Managers unlikely to see large salary increases this year
In their latest Executive Compensation Review, IDS reveals that across the whole of the UK economy, salary increases for managers and professionals are forecast to average 2.3% in 2014 – suggesting the pay squeeze will continue into 2014.
Managers and professionals in the private sector are, however, expected to do nearly twice as well as those working in the public and not-for-profit sectors with an average forecast increase of 2.5% against 1.3% in the public sector.
The report also reveals that pay freezes in the private sector seem to be in decline. Some 16.7% of private sector management reviews in 2013 were pay freezes, whereas only 9.3% indicated that they would be implementing a pay freeze in 2014.
“Managers are unlikely to see significant uplifts to their salaries during the upcoming pay round with around three quarters of all management pay awards falling in the first six months of the year,” says Adam Cohen, author of the report.
“Management pay trends over the coming year will be similar to the last 12 months, with few dramatic shifts in direction being signalled by employers. The UK economy may be on the road to recovery, but our own survey of employers’ expectations suggest that this greater prosperity is unlikely to translate into higher pay awards for managers and professionals this year.”
The survey found that median basic salary levels for main board directors in the private sector were running at £188,173, well above levels of public/not-for-profit sector counterparts for the same role at £112,044.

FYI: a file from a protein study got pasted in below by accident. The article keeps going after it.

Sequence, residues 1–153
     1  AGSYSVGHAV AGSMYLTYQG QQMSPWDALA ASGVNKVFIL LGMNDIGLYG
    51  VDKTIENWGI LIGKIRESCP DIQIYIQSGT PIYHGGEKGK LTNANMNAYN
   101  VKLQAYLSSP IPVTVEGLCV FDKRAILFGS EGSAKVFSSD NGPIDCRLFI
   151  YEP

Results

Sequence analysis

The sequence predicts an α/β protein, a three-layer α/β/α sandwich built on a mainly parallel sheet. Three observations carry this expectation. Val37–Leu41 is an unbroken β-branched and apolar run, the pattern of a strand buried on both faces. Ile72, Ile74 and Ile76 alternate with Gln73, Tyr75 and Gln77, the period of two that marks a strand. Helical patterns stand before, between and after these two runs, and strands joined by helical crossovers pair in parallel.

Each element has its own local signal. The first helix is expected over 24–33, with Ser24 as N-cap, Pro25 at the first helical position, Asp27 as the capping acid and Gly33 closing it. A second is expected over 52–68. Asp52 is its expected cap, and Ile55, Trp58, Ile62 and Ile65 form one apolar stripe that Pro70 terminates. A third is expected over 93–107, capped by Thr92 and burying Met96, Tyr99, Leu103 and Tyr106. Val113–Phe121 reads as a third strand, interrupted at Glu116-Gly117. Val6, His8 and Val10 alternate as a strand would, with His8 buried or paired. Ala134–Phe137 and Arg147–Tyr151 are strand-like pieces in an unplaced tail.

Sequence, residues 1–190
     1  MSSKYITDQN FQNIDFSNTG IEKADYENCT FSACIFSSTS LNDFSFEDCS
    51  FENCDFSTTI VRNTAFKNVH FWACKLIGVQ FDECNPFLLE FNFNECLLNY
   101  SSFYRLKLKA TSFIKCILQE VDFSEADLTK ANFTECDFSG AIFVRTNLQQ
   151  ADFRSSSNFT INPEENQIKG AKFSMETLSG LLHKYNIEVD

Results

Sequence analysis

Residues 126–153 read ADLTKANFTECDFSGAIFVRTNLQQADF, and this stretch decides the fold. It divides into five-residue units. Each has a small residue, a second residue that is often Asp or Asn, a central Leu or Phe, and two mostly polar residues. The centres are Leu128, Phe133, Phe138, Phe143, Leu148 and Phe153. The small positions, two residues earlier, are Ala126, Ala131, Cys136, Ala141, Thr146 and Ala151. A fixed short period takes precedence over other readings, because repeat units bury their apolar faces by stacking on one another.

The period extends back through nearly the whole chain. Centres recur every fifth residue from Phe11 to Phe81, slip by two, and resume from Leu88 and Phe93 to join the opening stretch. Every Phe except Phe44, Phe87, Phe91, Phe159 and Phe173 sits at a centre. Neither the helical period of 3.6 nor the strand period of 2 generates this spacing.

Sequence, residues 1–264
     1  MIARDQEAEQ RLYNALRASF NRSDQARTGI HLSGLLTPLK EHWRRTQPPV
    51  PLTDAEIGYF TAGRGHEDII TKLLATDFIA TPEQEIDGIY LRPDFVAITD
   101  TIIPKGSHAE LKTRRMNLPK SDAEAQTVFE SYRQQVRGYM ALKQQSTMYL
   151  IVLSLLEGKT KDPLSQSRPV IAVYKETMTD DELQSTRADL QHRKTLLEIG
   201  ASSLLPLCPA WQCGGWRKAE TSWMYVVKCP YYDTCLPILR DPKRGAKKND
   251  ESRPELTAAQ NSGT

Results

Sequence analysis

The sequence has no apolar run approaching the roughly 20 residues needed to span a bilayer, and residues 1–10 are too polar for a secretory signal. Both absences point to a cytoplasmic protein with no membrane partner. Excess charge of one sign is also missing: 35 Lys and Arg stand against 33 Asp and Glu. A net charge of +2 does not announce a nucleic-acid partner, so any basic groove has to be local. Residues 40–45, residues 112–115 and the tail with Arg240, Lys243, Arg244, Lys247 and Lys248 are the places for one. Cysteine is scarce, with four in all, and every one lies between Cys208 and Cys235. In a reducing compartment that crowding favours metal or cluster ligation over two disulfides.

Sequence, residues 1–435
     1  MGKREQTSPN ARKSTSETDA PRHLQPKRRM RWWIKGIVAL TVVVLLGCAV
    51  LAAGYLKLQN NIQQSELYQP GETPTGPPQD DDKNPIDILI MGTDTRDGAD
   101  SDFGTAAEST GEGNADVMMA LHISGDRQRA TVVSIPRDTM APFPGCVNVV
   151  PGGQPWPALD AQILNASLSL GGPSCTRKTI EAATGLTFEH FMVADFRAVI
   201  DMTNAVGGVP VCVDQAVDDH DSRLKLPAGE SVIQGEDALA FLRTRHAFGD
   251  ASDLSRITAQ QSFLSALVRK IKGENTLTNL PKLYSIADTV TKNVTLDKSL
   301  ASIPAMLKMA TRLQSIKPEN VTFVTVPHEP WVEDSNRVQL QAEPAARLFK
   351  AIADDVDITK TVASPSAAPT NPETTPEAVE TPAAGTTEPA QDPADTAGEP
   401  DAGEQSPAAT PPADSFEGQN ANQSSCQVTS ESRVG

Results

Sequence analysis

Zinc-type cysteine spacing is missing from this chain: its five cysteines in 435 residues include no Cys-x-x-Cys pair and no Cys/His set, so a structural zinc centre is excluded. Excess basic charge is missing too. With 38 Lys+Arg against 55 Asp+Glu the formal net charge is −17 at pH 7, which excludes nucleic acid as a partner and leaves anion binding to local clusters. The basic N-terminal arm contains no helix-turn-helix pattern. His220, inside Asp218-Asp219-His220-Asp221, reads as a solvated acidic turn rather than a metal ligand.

At other job levels, median salaries for heads of function in the private sector were running at £95,000 – three and a half times the UK median salary of £27,000 according to the Office for National Statistics.
Lower down the seniority ladder private sector middle managers earn £51,620 almost twice the UK median salary – even before bonuses are taken into account.
Increasing importance of bonuses
In addition to basic salaries, bonuses are an important part of the pay package particularly in the private sector says IDS.
The proportion of private sector employees eligible for a bonus ranged from three quarters of board members to three-fifths of professional and technical staff. The median on-target bonus for directors in the private sector equalled 50% of salary, compared with 9.1 % for junior managers.
In the public and not-for-profit sectors, bonus payments are both less widespread and less generous. Only 37.3% of board members qualify for a bonus and 22% of technical staff. There is a median maximum bonus of 11% of salary for directors in the public sector and 8% for junior managers.
Despite the seemingly high bonus payouts, levels fell well short of maximum potential payouts in 2013 and even seemed to struggle to reach “on target” levels.
“The picture appears unlikely to change in 2014 as over one-quarter of employers believe bonuses will be lower next year, compared with only one-in-six who think they will be higher,” says Adam Cohen.